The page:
RISE, Swedish ICT, Interactive Institute. RISE, Swedish ICT, Interactive Institute, Interactive Institute Stockholm. Design Göteborg.
    Sonic City: the urban environment as a musical interface2003In: Proceedings of NIME 03, 2003, 7, , p. 7p. 109-115Conference paper (Refereed)
    Abstract [en]

    In the project Sonic City, we have developed a system that enables users to create electronic music in real time by walking through and interacting with the urban environment. We explore the use of public space and everyday behaviours for creative purposes, in particular the city as an interface and mobility as an interaction model for electronic music making. A multi-disciplinary design process resulted in the implementation of a wearable, context-aware prototype. The system produces music by retrieving information about context and user action and mapping it to real-time processing of urban sounds. Potentials, constraints, and implications of this type of music creation are discussed.

  • 6. Halse, Joachim
    et al.
    Brandt, Eva
    Clark, Brendon
    RISE, Swedish ICT, Interactive Institute. RISE, Swedish ICT, Interactive Institute, Interactive Institute Stockholm. Design Research Unit.
    Binder, Thomas
    Rehearsing the Future2010 (ed. 8)Book (Refereed)
  • 7.
    Mazé, Ramia
    RISE, Swedish ICT, Interactive Institute. RISE, Swedish ICT, Interactive Institute, Interactive Institute Stockholm. Design Research Unit.
    A Critical Practice2012In: The Swedish Museum of Architecture: A fifty year perspective., Stockholm: The Swedish Museum of Architecture , 2012, 7, p. 158-160Chapter in book (Refereed)
    Abstract [en]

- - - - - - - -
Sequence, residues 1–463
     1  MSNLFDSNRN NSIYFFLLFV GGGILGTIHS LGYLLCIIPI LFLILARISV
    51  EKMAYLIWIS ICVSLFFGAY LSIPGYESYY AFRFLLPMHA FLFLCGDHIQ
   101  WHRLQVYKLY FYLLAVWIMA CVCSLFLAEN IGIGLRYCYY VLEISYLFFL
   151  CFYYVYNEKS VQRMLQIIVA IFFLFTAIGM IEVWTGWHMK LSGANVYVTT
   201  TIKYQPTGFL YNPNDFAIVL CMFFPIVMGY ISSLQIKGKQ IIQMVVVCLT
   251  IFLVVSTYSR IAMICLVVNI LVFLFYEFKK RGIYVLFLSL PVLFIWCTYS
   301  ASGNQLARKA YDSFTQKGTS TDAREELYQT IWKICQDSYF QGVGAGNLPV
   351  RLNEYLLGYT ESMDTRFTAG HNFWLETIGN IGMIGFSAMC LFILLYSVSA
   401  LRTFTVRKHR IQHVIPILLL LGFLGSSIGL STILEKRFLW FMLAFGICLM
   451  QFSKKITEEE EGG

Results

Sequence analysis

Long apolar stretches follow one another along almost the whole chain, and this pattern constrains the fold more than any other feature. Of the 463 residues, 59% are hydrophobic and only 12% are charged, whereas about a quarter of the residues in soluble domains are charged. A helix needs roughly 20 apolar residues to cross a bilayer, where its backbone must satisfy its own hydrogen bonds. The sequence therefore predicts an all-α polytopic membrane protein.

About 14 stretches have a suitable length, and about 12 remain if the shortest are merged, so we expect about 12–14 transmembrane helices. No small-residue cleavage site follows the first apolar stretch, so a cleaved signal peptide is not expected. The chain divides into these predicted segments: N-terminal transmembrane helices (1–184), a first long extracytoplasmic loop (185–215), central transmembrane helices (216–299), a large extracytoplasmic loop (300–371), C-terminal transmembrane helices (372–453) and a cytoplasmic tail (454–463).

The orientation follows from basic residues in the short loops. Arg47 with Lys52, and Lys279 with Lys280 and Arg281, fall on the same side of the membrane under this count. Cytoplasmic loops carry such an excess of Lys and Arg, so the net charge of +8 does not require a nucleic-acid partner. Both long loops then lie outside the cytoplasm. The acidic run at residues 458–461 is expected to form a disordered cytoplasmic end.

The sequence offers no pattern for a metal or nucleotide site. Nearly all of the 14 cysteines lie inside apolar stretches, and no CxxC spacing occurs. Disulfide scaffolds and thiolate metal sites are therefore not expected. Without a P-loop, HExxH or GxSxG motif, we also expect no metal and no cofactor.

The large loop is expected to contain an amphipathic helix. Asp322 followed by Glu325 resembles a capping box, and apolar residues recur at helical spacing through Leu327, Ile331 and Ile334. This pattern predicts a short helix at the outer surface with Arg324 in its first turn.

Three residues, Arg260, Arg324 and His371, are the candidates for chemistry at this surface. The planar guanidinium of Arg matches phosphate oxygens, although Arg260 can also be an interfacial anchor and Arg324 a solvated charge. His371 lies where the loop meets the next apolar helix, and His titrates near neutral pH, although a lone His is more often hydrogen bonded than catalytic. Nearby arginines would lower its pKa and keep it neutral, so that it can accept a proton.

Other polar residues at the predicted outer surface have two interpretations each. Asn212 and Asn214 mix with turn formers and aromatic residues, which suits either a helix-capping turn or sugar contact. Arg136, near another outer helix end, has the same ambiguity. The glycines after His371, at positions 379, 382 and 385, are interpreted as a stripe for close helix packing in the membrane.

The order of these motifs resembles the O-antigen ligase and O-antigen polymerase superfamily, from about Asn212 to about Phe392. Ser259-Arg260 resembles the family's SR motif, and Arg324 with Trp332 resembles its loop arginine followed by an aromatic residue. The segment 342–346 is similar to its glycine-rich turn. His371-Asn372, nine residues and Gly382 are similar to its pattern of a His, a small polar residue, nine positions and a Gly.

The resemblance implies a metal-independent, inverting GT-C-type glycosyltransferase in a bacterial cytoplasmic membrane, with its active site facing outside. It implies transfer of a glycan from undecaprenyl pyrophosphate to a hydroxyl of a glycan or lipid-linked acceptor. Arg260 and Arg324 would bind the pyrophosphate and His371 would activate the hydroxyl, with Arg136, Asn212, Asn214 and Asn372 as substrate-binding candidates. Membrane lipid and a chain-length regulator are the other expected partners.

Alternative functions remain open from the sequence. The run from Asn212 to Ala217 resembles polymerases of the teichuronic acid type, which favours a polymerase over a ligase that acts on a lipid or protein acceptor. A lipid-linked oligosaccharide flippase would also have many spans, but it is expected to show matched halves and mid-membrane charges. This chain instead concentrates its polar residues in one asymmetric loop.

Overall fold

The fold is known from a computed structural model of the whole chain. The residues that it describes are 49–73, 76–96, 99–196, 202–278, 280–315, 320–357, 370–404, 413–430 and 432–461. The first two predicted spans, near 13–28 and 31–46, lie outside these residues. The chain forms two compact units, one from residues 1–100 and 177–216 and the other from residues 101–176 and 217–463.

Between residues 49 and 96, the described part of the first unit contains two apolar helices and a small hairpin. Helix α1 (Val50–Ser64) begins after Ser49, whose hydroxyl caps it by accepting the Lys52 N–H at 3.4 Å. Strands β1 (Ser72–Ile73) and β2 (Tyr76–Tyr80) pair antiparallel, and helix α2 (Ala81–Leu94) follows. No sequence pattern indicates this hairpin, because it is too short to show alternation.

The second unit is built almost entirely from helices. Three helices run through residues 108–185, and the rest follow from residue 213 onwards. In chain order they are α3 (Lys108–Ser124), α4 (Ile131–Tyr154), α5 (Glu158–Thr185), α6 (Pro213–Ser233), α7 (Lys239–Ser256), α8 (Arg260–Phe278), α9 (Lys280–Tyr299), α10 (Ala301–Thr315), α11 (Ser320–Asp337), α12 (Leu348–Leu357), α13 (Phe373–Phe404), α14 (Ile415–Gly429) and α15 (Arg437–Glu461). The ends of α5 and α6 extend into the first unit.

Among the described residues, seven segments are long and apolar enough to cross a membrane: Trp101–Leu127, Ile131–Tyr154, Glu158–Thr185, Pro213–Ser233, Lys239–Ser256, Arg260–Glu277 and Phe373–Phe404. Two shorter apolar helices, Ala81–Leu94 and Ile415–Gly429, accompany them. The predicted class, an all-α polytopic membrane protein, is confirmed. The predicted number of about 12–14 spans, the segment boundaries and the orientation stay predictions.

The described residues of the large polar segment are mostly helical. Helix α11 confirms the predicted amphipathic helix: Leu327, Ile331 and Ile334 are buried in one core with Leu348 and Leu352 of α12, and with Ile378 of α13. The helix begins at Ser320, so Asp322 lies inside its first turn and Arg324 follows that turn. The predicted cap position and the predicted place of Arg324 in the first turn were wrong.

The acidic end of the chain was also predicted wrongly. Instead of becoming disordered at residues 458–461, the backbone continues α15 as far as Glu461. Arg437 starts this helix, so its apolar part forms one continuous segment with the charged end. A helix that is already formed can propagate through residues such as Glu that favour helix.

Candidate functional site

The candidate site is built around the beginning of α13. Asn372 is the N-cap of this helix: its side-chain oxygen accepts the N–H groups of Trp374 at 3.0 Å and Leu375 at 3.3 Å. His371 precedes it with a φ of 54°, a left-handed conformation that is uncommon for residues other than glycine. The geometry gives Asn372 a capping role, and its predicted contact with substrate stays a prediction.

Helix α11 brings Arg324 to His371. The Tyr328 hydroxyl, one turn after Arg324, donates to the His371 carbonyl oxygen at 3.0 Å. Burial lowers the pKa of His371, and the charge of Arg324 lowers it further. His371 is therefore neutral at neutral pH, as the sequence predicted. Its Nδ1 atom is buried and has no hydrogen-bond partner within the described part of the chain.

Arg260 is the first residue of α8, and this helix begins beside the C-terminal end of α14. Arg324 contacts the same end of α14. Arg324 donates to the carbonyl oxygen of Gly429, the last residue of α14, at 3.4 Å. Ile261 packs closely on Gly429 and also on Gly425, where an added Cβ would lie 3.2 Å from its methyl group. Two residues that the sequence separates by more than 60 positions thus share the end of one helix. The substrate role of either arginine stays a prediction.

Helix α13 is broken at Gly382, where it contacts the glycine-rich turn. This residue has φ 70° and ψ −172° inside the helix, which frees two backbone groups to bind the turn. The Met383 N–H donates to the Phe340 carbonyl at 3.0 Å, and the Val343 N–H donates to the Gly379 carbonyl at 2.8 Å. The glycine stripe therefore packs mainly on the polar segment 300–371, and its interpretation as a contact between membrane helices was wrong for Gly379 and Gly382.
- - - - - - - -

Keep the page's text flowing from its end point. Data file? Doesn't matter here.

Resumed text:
Sustainablility poses profound challenges to society – and to the architecture and design disciplines. Design has conventionally been applied to expand the market for things that (over)consume material and natural resources. For those that consume design – that is, for all of us – environmental sustainability requires us to question what we produce and consume as a society, and how we impact others and future generations. For those of us that are designers – and often seen as part of the problem within discussions of sustainable development – we need to query what and how we design. This was the question at stake nearly half a century ago for a number of movements within design. Various names for such movements, such as ‘Anti-Design’, ‘Non-Plan’ and ‘Radical Design’ indicate a critique of design, planning and architecture. Radical designers mounted a critique of their own design discipline and of a societal status quo. However, rather than debate articles or academic analyses, their critique took the form of design. The contemporary challenges of sustainable development require just such criticality. Mainstream approaches, predominately based on cleaning up production processes and incentivizing ‘green’ consumption, help to mitigate the negative environmental effects of behaviors entrenched in industrialized Western societies. However, besides incremental improvements to our lives in these societies – and looking ahead to the next 50 years – we need to be able to relate to others, alternatives and futures that may be radically different than us, here and now. Today, a multitude of socially and politically-engaged designers are taking on such issues, rapidly growing beyond a minority within architectural and design disciplines – and the questions raised are relevant to the 99% of society. As in Radical Design, criticality does not have to end in polemics, in utopias or dystopias, but in giving form to critical questions: Which – or who’s – interests should be represented in design and society? Who benefits – and who profits? What might be alternatives and futures? Who designs these futures, for whom?